Broken twill denim (and Right Hand/Left Hand weave)

When Denim was first invented, you could look at the back of the fabric and observe a distinct right- or left-leaning direction to the fabric. This, over time, wear, and washing, led the denim to distort. It was most commonly noticed in the legs of jeans, which would twist around the wearer’s legs over time in a way that could be quite uncomfortable!

In the mid-1960s, Wrangler introduced a ‘broken twill’ weave which looked the same on the front, but broke up that right-and left-leaning reverse side by weaving in both directions. This created a zig-zag effect on the back of the fabric, and eliminated the issue of twisting (source, p.182).

While you can still find Right-hand weave or Left-hand weave denim today – especially in heritage mills where that twisting is actually sought after – most denim available today is woven with the broken twill method.

Ring-spun denim

This refers to the way the cotton fibers are spun before they’re woven into the fabric we know as denim. Traditionally, these cotton fibers were spun onto a ring, producing yarn with a highly durable yet irregular-looking twist. This resulted in a strong and soft fabric with desirable fade qualities.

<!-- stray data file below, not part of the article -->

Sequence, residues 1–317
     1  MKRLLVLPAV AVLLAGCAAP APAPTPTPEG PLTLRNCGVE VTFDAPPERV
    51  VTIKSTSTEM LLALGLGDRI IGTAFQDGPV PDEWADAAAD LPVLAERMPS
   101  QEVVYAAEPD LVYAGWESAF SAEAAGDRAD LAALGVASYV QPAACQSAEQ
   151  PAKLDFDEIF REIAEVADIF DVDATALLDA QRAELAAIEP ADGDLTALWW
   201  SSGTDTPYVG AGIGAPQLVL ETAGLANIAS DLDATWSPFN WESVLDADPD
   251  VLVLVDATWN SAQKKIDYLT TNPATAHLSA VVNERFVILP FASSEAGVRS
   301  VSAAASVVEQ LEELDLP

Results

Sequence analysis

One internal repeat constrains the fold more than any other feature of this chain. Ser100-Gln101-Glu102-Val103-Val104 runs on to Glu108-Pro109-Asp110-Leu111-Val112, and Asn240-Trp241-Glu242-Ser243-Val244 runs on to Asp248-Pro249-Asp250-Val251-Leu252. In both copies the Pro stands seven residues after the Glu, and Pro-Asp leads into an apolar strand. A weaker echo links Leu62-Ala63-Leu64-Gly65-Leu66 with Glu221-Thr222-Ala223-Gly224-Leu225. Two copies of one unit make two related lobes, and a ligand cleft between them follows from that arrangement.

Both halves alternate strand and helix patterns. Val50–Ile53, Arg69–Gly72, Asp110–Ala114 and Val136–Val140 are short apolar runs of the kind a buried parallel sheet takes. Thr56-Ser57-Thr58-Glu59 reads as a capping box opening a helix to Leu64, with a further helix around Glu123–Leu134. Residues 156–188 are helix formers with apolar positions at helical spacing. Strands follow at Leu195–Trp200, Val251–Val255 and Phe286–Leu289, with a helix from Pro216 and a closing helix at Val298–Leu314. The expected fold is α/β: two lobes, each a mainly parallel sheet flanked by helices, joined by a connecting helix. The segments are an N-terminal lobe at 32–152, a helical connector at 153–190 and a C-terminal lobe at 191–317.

The ring spinning process is slower and more expensive than open-end spinning (the modern alternative), so mass-produced denim is made using the open-end method instead. Higher quality Ring-spun denim is still made today, but in smaller quantities by premium brands (source, p.182).

Bull Denim

Bull denim uses a 3*a twill construction, which is just a fancy way of saying that three threads are used at a time to create the twill weave, rather than one or two. The result is a more obvious diagonal ridged pattern in the finished fabric, and a heavier weight, stronger, and more durable fabric (source). Bull denim is also dyed after it’s woven, creating a solid color. Bull denim is used for things like upholstery, slipcovers, casual window treatments, workwear aprons or coveralls, and in some cases very heavyweight jeans (source).

Raw Denim

Raw denim fabric hasn’t been washed after the dyeing process or after the garment has been produced. It’s stiff, dark, and has a uniform color with no variation. Importantly, it hasn’t been pre-shrunk, so expect it to shrink after you wash it.

Today the term ‘raw denim’ is used more liberally to describe traditional-looking denim even if the fabric has been treated/washed (source, p.182).